The United States is steadily forming a global chokehold on China from securing the most advanced computer chips. The tech war, which is just starting, is this century’s cold war. But we haven’t seen the worst yet.
It’s what you get when you can’t conduct a hot war without the threat of going nuclear. If China weren’t nuclear-armed, you could be sure Washington would have already threatened to nuke it.
We Chinese have asked for it. In the past decade, we have forgotten the lessons of Sun Tzu and Deng Xiaoping. In a nutshell, you must always hide your war aims, but work stealthily to achieve them. Only reveal them when you are ready to deliver the fatal blow.
What did we do? The opposite! We announced to the world we would achieve technological and economic supremacy, and even committed to some specific dates. It’s less important whether those dates were realistic than that they were publicised at all.
Sure enough, that spooked the Americans, for whom global supremacy is a God-given right. In the first decade of the new century, the Chinese were happy to let the Americans pursue a fruitless and highly destructive war on radical Islam. But then we painted a target on ourselves.
The semiconductor crackdown will soon be followed by new sanctions targeting China’s biotechnology and artificial intelligence. Alan Estevez, who is in charge of industry and security policies at the US Department of Commerce, has said as much.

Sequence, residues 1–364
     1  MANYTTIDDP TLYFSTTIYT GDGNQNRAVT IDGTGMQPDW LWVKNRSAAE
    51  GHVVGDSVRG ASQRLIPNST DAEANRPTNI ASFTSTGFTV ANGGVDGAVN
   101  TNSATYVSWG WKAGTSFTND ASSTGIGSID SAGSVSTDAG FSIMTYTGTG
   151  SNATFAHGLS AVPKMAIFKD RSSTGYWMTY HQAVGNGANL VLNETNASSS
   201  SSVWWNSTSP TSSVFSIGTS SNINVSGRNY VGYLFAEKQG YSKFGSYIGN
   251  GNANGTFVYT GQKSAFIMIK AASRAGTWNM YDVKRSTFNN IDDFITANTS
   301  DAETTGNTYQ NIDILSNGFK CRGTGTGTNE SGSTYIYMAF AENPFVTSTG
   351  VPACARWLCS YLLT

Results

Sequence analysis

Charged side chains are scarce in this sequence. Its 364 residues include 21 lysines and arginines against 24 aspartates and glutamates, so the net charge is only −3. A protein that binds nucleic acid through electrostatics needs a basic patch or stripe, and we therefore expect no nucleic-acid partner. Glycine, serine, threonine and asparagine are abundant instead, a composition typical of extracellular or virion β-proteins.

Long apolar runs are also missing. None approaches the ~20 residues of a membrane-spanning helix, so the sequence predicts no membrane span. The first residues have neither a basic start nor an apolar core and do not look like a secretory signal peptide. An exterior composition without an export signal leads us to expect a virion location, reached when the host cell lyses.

“That is not … about the economic destruction of China,” Estevez said. “This is about national security.”
That’s just different word choices; they amount to the same thing.
If it could, the US would be more than happy to do a Cuba on China, with a multi-decade blockade to send it back to the technological stone age.
But China is too big for that. So the US has to be more strategic. That involves dragging allies and others into this hi-tech blockage, which could backfire on the US. But for now, there are at least three imponderables.
How fast and whether China can master the tech denied it? How willing and committed are US allies and their private sectors in Europe and Asia to do it at considerable costs to themselves? What will be the collateral damage to the world economy?
Until we have some answers to those questions, we won’t know the winner and loser of this new cold war.